It’s All about Flow: Ulteig Traffic Modeler Abdullah Kurkcu Takes His Passion for Data Science and Modeling on the Road
December 11, 2020
When Abdullah Kurkcu, Ph.D., imagines the future, he sees this perfect, efficient flow of people, cars, trucks, bicycles and scooters, communicating with each other through smart sensors, effortlessly moving from one point to another.
As Lead Traffic Modeler on the Advanced Transportation team for Ulteig, Kurkcu formulates mathematical and simulation models of transportation solutions, relating constants and variables, restrictions, alternatives, conflicting objectives and their numerical parameters.
Kurkcu performs validation and testing of models to ensure their adequacy and reformulates models as necessary. He interprets data from traffic modeling software and incorporates that data into transportation models.
Kurkcu also applies transportation methods, planning principles, and standard industry and new evaluations and analysis to support the planning, design and implementation of transportation projects for Ulteig’s clients.
Transportation systems are complex—and that complexity is where Kurkcu finds his purpose. With views of the Rockies from his home in Denver, Kurkcu geeks out on programming different scenarios based on available public data.
His joy for understanding the complexities of transportation go way back to his childhood.
“When I was a boy growing up in Istanbul, Turkey, I used to say that I wanted to be a truck driver when I grew up,” said Kurkcu, whose father was an inter-city coach bus driver.
Later, after he started college in Turkey, which was located only 24 miles from his home, Kurkcu realized one day that he wanted to dedicate himself to the science of transportation when he saw the impact of a new express lane for buses. It cut his travel time to and from college down from two hours one way to just 45 minutes.
“I remember thinking to myself, ‘There must be a better way’ while sitting on the bus going back and forth to college,” Kurkcu said.
His path to the United States started after he received a prestigious scholarship from Turkey’s Ministry of Education to study in the United States. He received his master’s degree from Florida State University and his Ph.D. from New York University where he studied intelligent transportation design.
When you watch Kurkcu describe this, his eyes light up. “I like the connections that intelligent transportation can create,” he said. “Imagine smart cars connecting with and talking to one another. Imagine a smoother flow in traffic. Imagine the vehicles driving themselves. Imagine collecting data to build an even more efficient system.”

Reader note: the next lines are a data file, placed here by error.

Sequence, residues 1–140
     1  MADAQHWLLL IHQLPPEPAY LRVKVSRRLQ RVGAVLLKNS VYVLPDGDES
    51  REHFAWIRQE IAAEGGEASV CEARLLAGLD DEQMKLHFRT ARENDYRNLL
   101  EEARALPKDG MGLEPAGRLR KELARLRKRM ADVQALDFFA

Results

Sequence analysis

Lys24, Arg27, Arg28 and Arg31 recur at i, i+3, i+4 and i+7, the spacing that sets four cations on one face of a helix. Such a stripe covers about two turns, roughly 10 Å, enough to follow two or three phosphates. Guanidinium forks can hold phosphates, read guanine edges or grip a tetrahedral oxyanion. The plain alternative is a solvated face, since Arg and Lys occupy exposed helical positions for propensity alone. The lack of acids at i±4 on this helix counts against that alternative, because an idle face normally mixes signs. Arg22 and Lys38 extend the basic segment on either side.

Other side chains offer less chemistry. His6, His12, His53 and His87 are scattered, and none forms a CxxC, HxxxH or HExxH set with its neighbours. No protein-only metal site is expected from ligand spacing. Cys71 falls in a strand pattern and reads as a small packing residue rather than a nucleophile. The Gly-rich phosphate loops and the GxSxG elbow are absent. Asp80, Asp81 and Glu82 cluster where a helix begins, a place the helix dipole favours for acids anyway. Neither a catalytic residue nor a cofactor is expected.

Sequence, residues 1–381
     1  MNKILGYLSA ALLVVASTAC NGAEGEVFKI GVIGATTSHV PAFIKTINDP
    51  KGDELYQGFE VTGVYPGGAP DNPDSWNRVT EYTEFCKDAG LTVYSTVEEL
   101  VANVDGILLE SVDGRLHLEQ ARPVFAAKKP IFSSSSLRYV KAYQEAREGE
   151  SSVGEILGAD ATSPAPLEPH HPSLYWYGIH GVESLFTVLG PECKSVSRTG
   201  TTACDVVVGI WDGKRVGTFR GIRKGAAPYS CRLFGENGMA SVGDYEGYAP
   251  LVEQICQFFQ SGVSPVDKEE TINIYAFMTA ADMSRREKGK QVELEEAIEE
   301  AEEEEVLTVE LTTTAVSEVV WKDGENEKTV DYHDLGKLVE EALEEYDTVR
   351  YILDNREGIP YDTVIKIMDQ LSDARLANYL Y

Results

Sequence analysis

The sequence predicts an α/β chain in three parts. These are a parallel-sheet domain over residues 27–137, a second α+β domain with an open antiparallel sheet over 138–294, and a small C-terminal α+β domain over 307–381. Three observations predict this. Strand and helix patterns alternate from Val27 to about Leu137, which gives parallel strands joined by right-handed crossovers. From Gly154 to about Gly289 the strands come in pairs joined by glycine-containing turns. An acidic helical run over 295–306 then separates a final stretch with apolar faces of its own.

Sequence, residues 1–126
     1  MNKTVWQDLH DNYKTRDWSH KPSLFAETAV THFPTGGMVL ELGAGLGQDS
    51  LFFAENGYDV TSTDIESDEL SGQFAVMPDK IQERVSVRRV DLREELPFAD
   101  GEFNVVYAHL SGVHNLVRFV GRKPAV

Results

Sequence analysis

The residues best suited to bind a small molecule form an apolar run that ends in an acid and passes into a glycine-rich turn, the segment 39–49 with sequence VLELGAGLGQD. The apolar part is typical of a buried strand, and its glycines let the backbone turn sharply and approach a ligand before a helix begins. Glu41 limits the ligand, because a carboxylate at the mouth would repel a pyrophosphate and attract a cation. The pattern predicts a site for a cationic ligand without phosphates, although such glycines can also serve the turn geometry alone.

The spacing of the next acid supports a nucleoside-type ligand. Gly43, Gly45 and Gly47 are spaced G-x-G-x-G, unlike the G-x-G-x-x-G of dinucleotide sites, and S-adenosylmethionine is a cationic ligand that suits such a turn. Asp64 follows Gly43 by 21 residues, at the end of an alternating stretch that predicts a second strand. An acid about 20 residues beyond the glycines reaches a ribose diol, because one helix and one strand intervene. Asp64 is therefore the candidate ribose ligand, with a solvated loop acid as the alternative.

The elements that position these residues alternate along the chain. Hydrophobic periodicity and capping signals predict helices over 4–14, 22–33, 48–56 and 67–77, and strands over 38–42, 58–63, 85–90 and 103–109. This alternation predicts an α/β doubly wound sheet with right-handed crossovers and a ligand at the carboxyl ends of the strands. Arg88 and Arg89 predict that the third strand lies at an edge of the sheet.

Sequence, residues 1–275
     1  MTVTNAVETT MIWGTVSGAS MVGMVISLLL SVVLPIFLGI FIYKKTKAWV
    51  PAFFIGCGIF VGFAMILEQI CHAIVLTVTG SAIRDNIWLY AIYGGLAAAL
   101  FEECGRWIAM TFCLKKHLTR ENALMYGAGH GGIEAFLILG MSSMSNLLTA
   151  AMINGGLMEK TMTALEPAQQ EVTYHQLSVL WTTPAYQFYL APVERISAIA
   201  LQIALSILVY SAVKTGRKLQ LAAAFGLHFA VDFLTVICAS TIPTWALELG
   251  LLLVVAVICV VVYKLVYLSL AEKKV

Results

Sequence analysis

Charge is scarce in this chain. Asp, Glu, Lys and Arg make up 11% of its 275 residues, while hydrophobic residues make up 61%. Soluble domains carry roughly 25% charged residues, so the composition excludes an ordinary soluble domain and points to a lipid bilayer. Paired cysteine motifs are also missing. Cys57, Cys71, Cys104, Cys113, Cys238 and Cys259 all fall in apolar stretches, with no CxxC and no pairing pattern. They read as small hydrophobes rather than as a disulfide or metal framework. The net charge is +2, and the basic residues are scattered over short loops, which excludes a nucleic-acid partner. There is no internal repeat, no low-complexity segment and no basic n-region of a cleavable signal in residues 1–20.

“But this isn’t limited to just vehicles,” Kurkcu added. “Imagine the smoother flow of people walking through a city—using sidewalks, cabs and Ubers, subways or lightrail systems. Imagine a more efficient flow of people using scooters, e-bikes, regular bikes, electric skateboards. You name it—it’s all integrated. It’s all about moving people more efficiently from one location to another.”
In his work at Ulteig, Kurkcu is applying his passion for modeling to explore other types of transportation. He’s the kind of person who is always asking, “What if…?”
For example, Kurkcu recently collaborated with several transportation scientists to explore the impact of Covid-19 on pedestrian traffic in New York City and separately, bicycle use in Denver. These research papers were approved by the Transportation Review Board and Kurkcu will present his paper about the impact of Covid-19 on bicycle ridership in Denver during the TRB’s annual meeting in January.
He also worked on a research paper studying different models related to the installation of snow chain stations along I-70, from Denver up to Summit and Eagle counties where some of the most popular ski resorts (Vail, Beaver Creek, Breckenridge, Keystone) in the country are located.
In another study, Kurkcu studied the impact of snow on road traffic operations, focusing on U.S. Hwy. 285, a north-south highway that runs from Denver through Colorado’s famed mountains, down to Santa Fe, and from there, down to the Texas/Mexico border. He shared his insights and modeling methodology on the Towards Data Science channel on Medium.com.
For Kurkcu to visualize the future of a specific transportation project, he often needs to see it with his own eyes. While working on a transportation project for New Jersey, he drove a 60-mile stretch of a New Jersey highway to make sure he understood, visually, its unique flow of traffic. He also relies on video, too. For example, when studying pedestrian traffic in New York City during the early stages of Covid-19, he gained access to public video provided by the city that showed how many people were walking across specific intersections.
“Sometimes I just have to experience it to understand it,” said Kurkcu. He explains that in order to visualize a future, asking the right questions is just as important as the data itself.
“If the client only has enough budget to install three snow chain stations along a stretch of highway leading up to the mountains, the question changes from simply, “Where should we put them?” to “Where should we put them that offers the maximum value to users and maximum safety for all travelers?”
To learn more about Ulteig’s transportation team, visit our Transportation page.
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